The Contrapositive

This post is part of a four-part series on logical reversal. The truth may lie on the other side or in the other direction, but there is more than one way to reverse a sentence: obverting, converting, inverting, and contraposing are four ways.

VileBodies

I know very few young people, but it seems to me that they are all possessed with an almost fatal hunger for permanence. I think all these divorces show that. People aren’t content just to muddle along nowadays … And this word “bogus” they all use … They won’t make the best of a bad job nowadays. My private schoolmaster used to say, “If a thing’s worth doing at all, it’s worth doing well.” My Church has taught that in different words for several centuries. But these young people have got hold of another end of the stick, and for all we know it may be the right one. They say, “If a thing’s not worth doing well, it’s not worth doing at all.” It makes everything very difficult for them.

The contrapositive

In traditional categorical logic, an A-type (universal affirmative) sentence, “All A are B,” immediately implies its contrapositive, “All not-B are not-A.”

All roses are flowers. So all non-flowers are non-roses.

The contrapositive is the obverse of the converse of the obverse: (1) “All A are B” ⇒ (2) “No A are non-B” ⇒ (3) “No non-B are A” ⇒ (4) “All non-B are non-A.”

E.g., all roses are flowers, so no roses are non-flowers. And if no roses are non-flowers, then no non-flowers are roses. And if no non-flowers are roses, then all non-flowers are non-roses.

But the contrapositive is also the inverse of the converse, or the converse of the inverse, which means that the inverse and the converse of any A-type sentence are logically equivalent. I.e., it is not true that all flowers are roses, but the converse is true: all roses are flowers. And thus so is the inverse: all non-flowers are non-roses.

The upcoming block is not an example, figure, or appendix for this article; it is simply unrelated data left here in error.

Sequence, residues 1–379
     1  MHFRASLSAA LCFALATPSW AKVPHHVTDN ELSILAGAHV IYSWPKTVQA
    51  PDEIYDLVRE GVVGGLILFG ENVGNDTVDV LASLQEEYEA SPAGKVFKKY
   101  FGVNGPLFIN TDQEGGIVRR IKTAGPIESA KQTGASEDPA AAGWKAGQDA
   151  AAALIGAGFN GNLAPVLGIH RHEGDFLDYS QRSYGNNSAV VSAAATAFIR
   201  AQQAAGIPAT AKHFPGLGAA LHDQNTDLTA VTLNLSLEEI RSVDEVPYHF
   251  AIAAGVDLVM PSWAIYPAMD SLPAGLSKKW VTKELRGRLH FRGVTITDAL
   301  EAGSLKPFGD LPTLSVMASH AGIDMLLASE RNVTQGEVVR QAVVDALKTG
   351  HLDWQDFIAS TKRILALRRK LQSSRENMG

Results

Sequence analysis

Contraposed conditionals

In contemporary logic, contraposition is more often applied to the conditional P → Q, yielding ¬Q → ¬P. This is also called transposition. Or in Evelyn Waugh’s words, “getting hold of another end of the stick.”

For example, when you’re runnning, your heart rate is elevated. So if your heart rate isn’t elevated, you’re not running.

It’s similar to a modus tollens argument:
P → Q
¬Q
∴ ¬P
E.g., if it’s a rose, it’s a flower. But it’s not a flower. Therefore it’s not a rose.

Two further examples

The twist involved in “getting hold of another end of the stick” explains the difference between a romantic and his realist critic.

The romantic endeavors to escape from the world of the actual into that of fancy, or more specifically into the realm of esthetic and speculative imagination. The critic, however, interprets this attitude as an unwillingness to submit to outward fact and accuses the romantic of a desire to withdraw into a world of his own creation.

The realist says to the romantic, “If you insist on using imagination, you must not be willing to limit yourself to what is actual.”

The romantic replies, “If you insist on limiting reality to what is actual, you must not be using your imagination.”

Raphael Demos

The indictment rests on a confusion between the actual and the real. The critic begins with a fallacious identification of the real with the actual and then goes on to describe any breaking loose from the latter into the world of imagination as a detachment from the objective and a retreat into the subjective. But it is only a vulgar preference or extreme naïveté that could lead one to limit reality to the actual; over and above the actual, there is the field of subsistence, of ideal entities, of forms, of possibilities; and the romantic imagination is not vain dreaming but an extension of the area of knowledge itself beyond perception into the realm of these ideal essences.

See Raphael Demos’ article, “Romanticism vs. the worship of fact” (1922).

As a final example, consider the difference between two kinds of environmentalism – which prompted a website to name itself contraposition.org

P → Q
If we’re going to maintain the current economy, then we’ll need alternative fuels that meet current energy needs.¬Q → ¬P
If we can’t get alternative fuels to meet current energy needs, then we won’t be able to maintain the current economy.

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